• Sierra Leone 9
    Gavi/2016/Kate Holt
    Gavi, the Vaccine Alliance has already invested US$ 12.5 million as part of a projected US$ 90 million package to help countries rebuild their immunisation systems in the wake of Ebola.
         
  • Sierra Leone 10
    Gavi/2016/Kate Holt
    Last October, a measles vaccination campaign targeting more than 1.3 million children took place in Sierra Leone, while a similar campaign in Guinea reached 750,000 children.
         
  • Sierra Leone 11
    Gavi/2016/Kate Holt
    With WHO estimating that more than 600,000 children have missed their routine vaccinations in the three Ebola-affected countries since the beginning of the outbreak, there has been tremendous emphasis on tracking their identity.
         
  • Sierra Leone 12
    Gavi/2016/Kate Holt
    Gavi’s support has also been targeted at strengthening cold chain capacity. “I look after 66 fridges in this district,” explains David Awaray, operations officer in the Moyamba District in Sierra Leone. “Each fridge will be visited once per month. My challenge is that most of the spare parts – such as compressors – are not found in Freetown. The last time we needed them we had to order them from Guinea.”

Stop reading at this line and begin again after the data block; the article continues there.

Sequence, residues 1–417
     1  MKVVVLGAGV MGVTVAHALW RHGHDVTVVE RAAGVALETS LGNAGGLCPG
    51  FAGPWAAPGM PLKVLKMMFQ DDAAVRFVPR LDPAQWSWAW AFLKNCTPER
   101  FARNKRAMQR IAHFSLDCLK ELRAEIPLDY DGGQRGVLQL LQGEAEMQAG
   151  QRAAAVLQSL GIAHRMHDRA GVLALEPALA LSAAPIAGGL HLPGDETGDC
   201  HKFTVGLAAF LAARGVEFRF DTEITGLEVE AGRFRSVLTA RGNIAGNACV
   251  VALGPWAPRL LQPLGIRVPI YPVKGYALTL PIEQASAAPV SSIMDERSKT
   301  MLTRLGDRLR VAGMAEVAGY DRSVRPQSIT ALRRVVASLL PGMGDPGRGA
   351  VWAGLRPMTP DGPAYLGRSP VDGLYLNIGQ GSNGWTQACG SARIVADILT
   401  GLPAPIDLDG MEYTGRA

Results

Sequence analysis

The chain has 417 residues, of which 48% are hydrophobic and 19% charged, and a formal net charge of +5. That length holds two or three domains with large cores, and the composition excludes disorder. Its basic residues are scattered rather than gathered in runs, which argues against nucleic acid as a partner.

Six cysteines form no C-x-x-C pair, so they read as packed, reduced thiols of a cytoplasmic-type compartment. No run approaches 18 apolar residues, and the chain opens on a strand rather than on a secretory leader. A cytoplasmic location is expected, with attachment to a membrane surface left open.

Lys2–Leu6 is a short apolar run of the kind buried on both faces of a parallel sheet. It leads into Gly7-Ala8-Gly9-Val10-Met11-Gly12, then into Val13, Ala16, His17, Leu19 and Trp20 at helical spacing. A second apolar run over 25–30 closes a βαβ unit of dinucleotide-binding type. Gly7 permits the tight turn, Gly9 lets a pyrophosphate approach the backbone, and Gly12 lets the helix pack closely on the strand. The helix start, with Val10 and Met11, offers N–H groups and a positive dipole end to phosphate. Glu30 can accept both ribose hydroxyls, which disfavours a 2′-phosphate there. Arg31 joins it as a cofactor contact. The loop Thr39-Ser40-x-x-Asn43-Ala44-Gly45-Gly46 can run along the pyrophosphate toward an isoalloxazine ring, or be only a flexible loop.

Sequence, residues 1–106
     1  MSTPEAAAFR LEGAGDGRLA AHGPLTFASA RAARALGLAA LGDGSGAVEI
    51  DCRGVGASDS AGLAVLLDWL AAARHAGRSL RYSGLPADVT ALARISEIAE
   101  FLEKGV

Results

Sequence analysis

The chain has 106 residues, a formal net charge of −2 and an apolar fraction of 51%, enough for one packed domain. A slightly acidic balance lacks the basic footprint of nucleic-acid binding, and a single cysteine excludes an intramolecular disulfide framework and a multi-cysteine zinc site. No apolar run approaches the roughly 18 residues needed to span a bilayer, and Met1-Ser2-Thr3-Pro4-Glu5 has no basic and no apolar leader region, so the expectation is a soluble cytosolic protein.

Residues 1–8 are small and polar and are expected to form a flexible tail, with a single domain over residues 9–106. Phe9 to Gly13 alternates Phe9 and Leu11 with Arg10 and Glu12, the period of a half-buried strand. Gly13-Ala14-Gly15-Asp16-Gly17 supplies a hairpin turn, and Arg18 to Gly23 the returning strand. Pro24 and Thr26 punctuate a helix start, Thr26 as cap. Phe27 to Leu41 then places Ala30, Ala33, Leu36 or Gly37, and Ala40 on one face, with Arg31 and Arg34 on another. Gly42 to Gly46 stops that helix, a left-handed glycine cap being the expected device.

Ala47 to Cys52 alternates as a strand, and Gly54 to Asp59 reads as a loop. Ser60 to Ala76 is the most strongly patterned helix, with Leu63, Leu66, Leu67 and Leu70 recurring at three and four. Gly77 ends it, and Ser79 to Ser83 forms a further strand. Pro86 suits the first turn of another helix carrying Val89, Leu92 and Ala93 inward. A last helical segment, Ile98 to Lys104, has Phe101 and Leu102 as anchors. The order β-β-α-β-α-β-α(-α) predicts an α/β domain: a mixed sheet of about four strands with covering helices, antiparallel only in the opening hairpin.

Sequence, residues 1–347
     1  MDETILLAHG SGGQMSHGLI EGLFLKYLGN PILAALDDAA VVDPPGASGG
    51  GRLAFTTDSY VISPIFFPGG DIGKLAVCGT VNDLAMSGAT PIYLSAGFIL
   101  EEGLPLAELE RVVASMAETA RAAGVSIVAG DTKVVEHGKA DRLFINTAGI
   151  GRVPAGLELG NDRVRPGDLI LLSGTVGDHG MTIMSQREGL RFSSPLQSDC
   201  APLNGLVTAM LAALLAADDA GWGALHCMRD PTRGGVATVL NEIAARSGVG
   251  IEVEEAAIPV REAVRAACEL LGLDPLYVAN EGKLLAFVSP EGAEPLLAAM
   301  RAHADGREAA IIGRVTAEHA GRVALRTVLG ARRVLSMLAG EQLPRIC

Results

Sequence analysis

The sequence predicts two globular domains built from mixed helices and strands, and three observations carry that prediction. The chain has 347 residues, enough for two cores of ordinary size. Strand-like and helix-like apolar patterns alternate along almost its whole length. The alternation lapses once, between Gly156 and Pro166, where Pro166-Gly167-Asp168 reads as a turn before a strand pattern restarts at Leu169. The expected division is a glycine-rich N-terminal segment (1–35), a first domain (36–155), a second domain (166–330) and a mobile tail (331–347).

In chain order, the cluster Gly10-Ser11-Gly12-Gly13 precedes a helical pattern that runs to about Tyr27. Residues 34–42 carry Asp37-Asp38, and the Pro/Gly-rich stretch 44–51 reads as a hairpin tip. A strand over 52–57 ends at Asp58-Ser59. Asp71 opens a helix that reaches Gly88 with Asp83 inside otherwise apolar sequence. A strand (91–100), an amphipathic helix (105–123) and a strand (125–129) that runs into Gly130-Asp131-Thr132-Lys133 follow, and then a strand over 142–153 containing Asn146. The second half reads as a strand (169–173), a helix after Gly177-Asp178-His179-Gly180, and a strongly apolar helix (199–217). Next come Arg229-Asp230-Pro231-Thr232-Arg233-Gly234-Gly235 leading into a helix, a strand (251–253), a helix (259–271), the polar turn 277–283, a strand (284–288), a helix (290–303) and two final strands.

• Sierra Leone 13
    Gavi/2016/Kate Holt
    In Guinea, Gavi also supported the upgrade of cold storage facilities, with solar fridges to be installed across all districts. In Liberia, new vaccinators were recruited and trained alongside those returning to their previous posts. In total, Ebola claimed the lives of 200 health workers in Liberia. The recruitment and training programme will enable clinics across the country to reopen their immunisation programmes.
         
  • Sierra Leone 14
    Gavi/2016/Kate Holt
    Ibrahim Sesay is a community leader. In February he took part in a polio vaccination drive. “Some communities are hard to reach because they are deep in the bush and the roads are bad. We have to help the vaccinators find these communities and go there to vaccinate the children,” he says.
         
  • Sierra Leone 15
    Gavi/2016/Kate Holt
    “They do not come forward because of fear,” explains Ibrahim. “I know at least three children with polio. It’s sad but it shows what a big challenge we have in getting communities to agree to the vaccine.”
         
  • Sierra Leone 16
    Gavi/2016/Kate Holt
    In total, more than 28,500 people across West Africa were infected with Ebola. At least 17,000 survivors must still cope with on-going health complications and the social stigma associated with the highly infectious disease.
         
  • Sierra Leone 17
    Gavi/2016/Kate Holt
    According to the United Nations Development Programme (UNDP), the Ebola outbreak will cost West Africa up to US$ 3.6 billion per year from 2014 to 2017 through lost trade, cancelled business and reduced foreign investment.
         
  • Sierra Leone 18
    Gavi/2016/Kate Holt
    The Ebola vaccine offers a new sense of optimism. “My hope now is that nothing like this will happen to us again. I hope that through the power of vaccines we are protected from this disease and Sierra Leone can have a brighter future,” says Mohamed Conteh.